SFA Advisory opens a solo presentation of works by Swiss artist Sylvie Fleury

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SFA Advisory opens a solo presentation of works by Swiss artist Sylvie Fleury
Sylvie Fleury, Medium SPF 30, 2018. Acrylic on canvas on wood, 10 kgs. 125 x 125 x 6 cm (49,21 x 49,21 x 2,36 in).

NEW YORK, NY.- SFA Advisory is presenting Palette of Shadows, a presentation of seven shaped canvases from the monumental makeup palettes by contemporary Swiss artist Sylvie Fleury, in collaboration with Thaddaeus Ropac gallery. Fleury’s work is a call for further contemplation into the ritualistic habits and gendered stereotypes that underpin contemporary society. Her practice includes sculpture, performance, installation, and painting, at times using and repurposing mass-produced objects such as cars, neons, or makeup palettes. The everyday items are transformed by their inclusion in an artistic context, allowing viewers to see them in a new way, while questioning the value we assign to consumer goods and artworks in turn.

In her seminal makeup palette series, Fleury faithfully replicates the look of famous makeup products, enlarging them while removing all branding, to reveal their resemblance to celebrated abstract works of art. In doing so, Fleury provides a feminist counterpoint to the paradigm defined by the 1964 all-male group exhibition The Shaped Canvas at the Guggenheim Museum, New York, which featured work by Paul Feely, Sven Lukin, Richard Smith, Frank Stella, and Neil Williams.

“I’ve always wanted to transform reality, to transform everyday objects. That’s perhaps why I am interested in fashion. Fashion trends reflect our time, but also produce codes that I’ve always wanted to appropriate and play with.” – Sylvie Fleury

Beginning in the early 1990s, Fleury created her first readymade series, Shopping Bags, a collection assembled during outings to department stores. Displacing the bags in a gallery setting, the artist transposes one context for another. Continuing to explore fashion through makeup in particular, Fleury debuted Private Lesson in 1992 at Postmasters, which marked her first solo show in New York where she played a VHS of a tutorial on makeup application purchased at Bloomingdales as a ready-made comment on the male-dominated paradigms through which we define skill and artistry. In Geneva in 2007, Fleury created a performance for Art & Public where she drove a lowrider through piles of cosmetic products – blush, mascara, lipstick – smashing them repeatedly with the tyres and leaving behind a beautiful mess of plastic carcasses and glittering pigments.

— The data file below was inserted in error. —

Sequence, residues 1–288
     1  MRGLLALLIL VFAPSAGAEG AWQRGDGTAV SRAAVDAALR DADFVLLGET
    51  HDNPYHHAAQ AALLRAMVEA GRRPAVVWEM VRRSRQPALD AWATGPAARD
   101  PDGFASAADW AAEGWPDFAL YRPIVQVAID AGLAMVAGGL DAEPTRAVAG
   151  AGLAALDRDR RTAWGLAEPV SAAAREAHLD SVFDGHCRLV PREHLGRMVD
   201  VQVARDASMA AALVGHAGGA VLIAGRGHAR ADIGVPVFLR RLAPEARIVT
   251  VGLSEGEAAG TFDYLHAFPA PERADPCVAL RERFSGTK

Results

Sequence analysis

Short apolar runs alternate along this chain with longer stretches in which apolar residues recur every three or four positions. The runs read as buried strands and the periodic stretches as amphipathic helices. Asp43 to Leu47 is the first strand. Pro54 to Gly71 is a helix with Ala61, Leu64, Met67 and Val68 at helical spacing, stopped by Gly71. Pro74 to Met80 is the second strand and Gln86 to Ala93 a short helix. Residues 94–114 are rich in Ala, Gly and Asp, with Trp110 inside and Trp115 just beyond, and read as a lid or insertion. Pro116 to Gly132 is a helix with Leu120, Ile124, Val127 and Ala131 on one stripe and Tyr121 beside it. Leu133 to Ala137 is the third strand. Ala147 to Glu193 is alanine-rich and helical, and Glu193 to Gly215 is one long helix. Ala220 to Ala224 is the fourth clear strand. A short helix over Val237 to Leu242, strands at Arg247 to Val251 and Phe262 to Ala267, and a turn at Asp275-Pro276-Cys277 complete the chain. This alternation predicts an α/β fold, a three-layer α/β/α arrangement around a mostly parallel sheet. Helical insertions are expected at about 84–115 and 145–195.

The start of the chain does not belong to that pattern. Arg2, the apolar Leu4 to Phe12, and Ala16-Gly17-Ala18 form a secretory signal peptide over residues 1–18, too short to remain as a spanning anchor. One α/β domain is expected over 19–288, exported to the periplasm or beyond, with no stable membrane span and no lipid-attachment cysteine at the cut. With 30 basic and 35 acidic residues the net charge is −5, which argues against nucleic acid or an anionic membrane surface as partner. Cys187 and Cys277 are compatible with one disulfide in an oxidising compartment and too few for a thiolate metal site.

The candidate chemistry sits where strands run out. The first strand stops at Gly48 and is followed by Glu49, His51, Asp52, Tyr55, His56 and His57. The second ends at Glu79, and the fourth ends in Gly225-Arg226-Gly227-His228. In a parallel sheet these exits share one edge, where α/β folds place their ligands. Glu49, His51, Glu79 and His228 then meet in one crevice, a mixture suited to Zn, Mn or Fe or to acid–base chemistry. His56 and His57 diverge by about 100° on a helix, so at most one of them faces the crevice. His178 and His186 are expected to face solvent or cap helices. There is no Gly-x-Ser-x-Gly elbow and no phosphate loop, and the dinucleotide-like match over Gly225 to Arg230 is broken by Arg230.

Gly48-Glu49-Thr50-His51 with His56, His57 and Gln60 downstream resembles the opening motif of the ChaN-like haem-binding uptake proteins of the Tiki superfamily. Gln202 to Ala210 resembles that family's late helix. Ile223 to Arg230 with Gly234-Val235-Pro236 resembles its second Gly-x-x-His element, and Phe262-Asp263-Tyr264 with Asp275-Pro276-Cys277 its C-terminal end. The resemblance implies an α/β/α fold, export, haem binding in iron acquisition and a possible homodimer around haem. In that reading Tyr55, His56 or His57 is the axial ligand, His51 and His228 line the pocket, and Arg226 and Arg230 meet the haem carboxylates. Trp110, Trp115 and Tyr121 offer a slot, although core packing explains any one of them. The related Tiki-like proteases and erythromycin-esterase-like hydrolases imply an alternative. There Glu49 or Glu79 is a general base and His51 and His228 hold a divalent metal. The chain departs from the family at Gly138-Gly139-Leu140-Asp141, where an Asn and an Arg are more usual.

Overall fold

Fleury’s performances and paintings use makeup to push at the gendered structures of power and desire attached to commodities, as well as the fleeting nature of value contemporary society. The artist holds up a mirror to internalized cultural values, prompting greater awareness of our fetishisation of brands and the implicit biases that influence our aspirations. Hung on the wall like abstract paintings, the makeup palettes are also a critical response to mainstream art historical narratives and a commentary on the systems of recognition and legitimacy at play within the art world itself.

“Patriarchal, capitalist societies always fear women’s desire and creativity. What I was and still am interested in, is eliminating as many boundaries in as many fields as possible.” – Sylvie Fleury

Fleury’s meticulous brushwork achieves smooth lines and factory-like precision by hand, a process which mimics the ritualistic application of makeup. Emptied of any packaging or text, the works very specifically reference brands such as Chanel or Dior revealing the fashion world’s own profit-inducing appropriation of marketable formal trends in the art world. Conversely, she creates a parallel in her works between the fetishization of consumer goods and the increasing commodification of the art world. Value-making in the realm of aesthetics is most slippery and Fleury has nailed it down with great precision. Beautifully streamlined, the sleek, yet sensuous and at times glittery surfaces of the works on show engage with strategies of seduction, while leaving open the question: for what reason do we find an object attractive?

Fleury previously exhibited this series in dedicated exhibitions Palettes of Shadows at Thaddaeus Ropac, Paris (2018) and Eye Shadows at Salon 94, New York (2017).

The Swiss artist was born in 1961 in Geneva, where she lives and works. She has had numerous solo and group exhibitions throughout Europe and the United States. Recent solo exhibitions include the Kunstraum Dornbirn, Austria (2019); Istituto Svizzero, Rome (2019); Villa Stuck, Munich (2016); Eternity Now, as part of the permanent collection at the Bass Museum, Miami (2017 and 2015); Centro de arte contemporaneo de Malága (2011); and MAMCO Genève (2008). Her work has also been presented in group shows internationally, including at the Daimler Contemporary, Berlin (2019); Leopold Museum, Vienna (2018); Kunsthaus Zürich (2018); Museum Haus Konstruktiv, Zürich (2016); SCHAUWERK Sindelfingen (2014); Kunstverein Hannover (2011); and Kunstverein Frankfurt (2011). In 2018 she was awarded Switzerland’s Prix Meret Oppenheim and in 2015 received the Société des Arts de Genève Prize.

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